[Numpy-discussion] numpy arrays, data allocation and SIMD alignement

Charles R Harris charlesr.harris@gmail....
Thu Aug 9 02:55:50 CDT 2007


On 8/9/07, Charles R Harris <charlesr.harris@gmail.com> wrote:
>
>
>
> On 8/8/07, David Cournapeau <david@ar.media.kyoto-u.ac.jp> wrote:
> >
> > Charles R Harris wrote:
> > > Anne,
> > >
> > > On 8/8/07, *Anne Archibald* <peridot.faceted@gmail.com
> > > <mailto: peridot.faceted@gmail.com>> wrote:
> > >
> > >     On 08/08/2007, Charles R Harris <charlesr.harris@gmail.com
> > >     <mailto: charlesr.harris@gmail.com>> wrote:
> > >     >
> > >     >
> > >     > On 8/8/07, Anne Archibald <peridot.faceted@gmail.com
> > >     <mailto: peridot.faceted@gmail.com>> wrote:
> > >     > > Oh. Well, it's not *terrible*; it gets you an aligned array.
> > >     But you
> > >     > > have to allocate the original array as a 1D byte array (to
> > >     allow for
> > >     > > arbitrary realignments) and then align it, reshape it, and
> > >     reinterpret
> > >     > > it as a new type. Plus you're allocating an extra ndarray
> > >     structure,
> > >     > > which will live as long as the new array does; this not only
> > >     wastes
> > >     > > even more memory than the portable alignment solutions, it
> > >     clogs up
> > >     > > python's garbage collector.
> > >     >
> > >     > The ndarray structure doesn't take up much memory, it is the
> > >     data that is
> > >     > large and the data is shared between the original array and the
> > >     slice. Nor
> > >     > does the data type of the slice need changing, one simply uses
> > >     the desired
> > >     > type to begin with, or at least a type of the right size so that
> > >     a view will
> > >     > do the job without copies. Nor do I see how the garbage
> > >     collector will get
> > >     > clogged up, slices are a common feature of using numpy. The
> > >     slice method
> > >     > also has the advantage of being compiler and operating system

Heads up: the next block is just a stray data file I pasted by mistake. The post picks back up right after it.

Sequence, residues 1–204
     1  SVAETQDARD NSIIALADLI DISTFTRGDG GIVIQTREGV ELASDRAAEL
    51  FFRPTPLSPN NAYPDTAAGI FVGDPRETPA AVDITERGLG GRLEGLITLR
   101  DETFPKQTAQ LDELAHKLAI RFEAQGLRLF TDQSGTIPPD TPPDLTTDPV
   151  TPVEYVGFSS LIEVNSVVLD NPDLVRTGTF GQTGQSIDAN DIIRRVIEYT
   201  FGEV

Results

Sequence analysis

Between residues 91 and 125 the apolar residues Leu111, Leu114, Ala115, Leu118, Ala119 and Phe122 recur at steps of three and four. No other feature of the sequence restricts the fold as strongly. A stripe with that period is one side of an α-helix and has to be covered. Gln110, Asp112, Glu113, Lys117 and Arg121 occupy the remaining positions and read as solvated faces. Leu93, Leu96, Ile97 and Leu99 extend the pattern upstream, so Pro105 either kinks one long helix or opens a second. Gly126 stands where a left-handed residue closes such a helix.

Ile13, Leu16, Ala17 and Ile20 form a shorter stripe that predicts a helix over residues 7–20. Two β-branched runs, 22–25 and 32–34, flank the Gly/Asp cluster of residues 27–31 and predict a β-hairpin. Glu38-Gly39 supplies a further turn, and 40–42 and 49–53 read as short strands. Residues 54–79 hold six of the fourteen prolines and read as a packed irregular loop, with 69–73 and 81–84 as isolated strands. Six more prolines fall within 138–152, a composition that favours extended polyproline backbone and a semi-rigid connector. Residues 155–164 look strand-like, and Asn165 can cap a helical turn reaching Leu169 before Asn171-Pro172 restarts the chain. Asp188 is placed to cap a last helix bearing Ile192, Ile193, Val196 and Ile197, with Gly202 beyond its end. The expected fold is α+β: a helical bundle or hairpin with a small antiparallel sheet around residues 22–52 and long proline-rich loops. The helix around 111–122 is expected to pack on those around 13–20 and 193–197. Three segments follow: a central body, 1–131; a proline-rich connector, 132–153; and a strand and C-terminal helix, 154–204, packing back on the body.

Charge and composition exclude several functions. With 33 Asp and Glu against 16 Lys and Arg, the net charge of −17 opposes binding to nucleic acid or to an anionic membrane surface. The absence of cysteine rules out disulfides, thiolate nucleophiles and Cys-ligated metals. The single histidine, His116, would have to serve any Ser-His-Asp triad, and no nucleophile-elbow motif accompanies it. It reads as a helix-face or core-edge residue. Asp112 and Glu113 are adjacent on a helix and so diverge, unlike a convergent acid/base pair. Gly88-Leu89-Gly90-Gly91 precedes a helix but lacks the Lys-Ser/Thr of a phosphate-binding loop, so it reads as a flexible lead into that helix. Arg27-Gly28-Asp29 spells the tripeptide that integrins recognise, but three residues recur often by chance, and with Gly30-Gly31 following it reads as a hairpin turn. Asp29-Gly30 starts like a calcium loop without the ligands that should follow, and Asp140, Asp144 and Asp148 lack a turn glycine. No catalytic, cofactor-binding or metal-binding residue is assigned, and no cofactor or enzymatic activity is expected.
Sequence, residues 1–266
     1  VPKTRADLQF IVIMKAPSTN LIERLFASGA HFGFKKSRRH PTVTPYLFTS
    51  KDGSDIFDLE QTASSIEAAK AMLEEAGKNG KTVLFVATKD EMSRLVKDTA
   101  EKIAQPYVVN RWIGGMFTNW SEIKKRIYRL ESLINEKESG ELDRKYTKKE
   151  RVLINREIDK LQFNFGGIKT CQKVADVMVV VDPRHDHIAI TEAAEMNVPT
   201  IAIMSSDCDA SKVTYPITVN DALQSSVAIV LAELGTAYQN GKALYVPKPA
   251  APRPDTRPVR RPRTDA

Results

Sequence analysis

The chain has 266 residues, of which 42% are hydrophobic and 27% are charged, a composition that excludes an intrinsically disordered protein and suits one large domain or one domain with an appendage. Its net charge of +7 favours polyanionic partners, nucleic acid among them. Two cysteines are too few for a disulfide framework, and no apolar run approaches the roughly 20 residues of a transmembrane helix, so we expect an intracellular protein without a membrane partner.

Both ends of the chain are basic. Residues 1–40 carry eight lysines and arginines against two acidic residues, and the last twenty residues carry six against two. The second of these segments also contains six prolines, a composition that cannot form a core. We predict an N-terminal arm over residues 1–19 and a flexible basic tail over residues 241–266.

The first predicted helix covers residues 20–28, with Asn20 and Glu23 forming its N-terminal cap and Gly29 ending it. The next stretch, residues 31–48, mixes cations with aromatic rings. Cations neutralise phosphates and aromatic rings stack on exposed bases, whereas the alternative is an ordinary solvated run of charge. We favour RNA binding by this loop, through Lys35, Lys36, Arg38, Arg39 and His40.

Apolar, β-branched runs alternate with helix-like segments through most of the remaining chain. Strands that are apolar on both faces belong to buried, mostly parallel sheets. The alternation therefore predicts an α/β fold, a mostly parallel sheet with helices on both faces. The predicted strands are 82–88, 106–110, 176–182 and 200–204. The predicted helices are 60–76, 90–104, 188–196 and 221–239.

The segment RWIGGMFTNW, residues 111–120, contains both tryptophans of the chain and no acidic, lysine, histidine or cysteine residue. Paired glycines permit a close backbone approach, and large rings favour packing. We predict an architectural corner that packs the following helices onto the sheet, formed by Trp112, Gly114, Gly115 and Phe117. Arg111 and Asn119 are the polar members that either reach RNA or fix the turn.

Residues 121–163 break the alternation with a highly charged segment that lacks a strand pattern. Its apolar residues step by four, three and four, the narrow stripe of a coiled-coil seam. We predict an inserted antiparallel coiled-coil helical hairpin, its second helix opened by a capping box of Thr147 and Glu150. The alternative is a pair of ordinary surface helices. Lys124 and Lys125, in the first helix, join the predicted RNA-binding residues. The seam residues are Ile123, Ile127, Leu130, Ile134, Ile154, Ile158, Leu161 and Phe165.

> > >     independent,
> > >     > there is a reason Intel used that approach.
> > >
> > I am not sure to understand which approach to which problem you are
> > talking about here ?
> >
> > IMHO, the discussion is becoming a bit carried away. What I was
> > suggesting is
> >     - being able to check whether a given data buffer is aligned to a
> > given alignment (easy)
> >     - being able to request an aligned data buffer: requires aligned
> > memory allocators, and some additions to the API for creating arrays.
> >
> > This all boils down to the following case: I have a C function which
> > requires N bytes aligned data, I want the numpy API to provide this
> > capability. I don't understand the discussion on doing it in python:
>
>
> Well, what you want might be very easy to do in python, we just need to
> check the default alignments for doubles and floats for some of the other
> compilers, architectures, and OS's out there. On the other hand, you might
> not be able to request a c malloc that is aligned in a portable way without
> resorting to the same tricks as you do in python. So why not use python and
> get the reference counting and garbage collection along with it? What we
> want are doubles 8 byte aligned and floats 4 byte aligned. That seems to be
> the case with gcc, linux, and the Intel architecture. The idea is to create
> a slightly oversize array, then use a slice of the proper size that is 16
> byte aligned.
>
> Chuck
>

For instance, in the case of  linux-x86 and linux-x86_64, the following
should work:

In [68]: def align16(n,dtype=float64) :
   ....:     size = dtype().dtype.itemsize
   ....:     over = 16/size
   ....:     data = empty(n + over, dtype=dtype)
   ....:     skip = (- data.ctypes.data % 16)/size
   ....:     return data[skip:skip + n]

Of course, now you need to fill in the data.

Chuck
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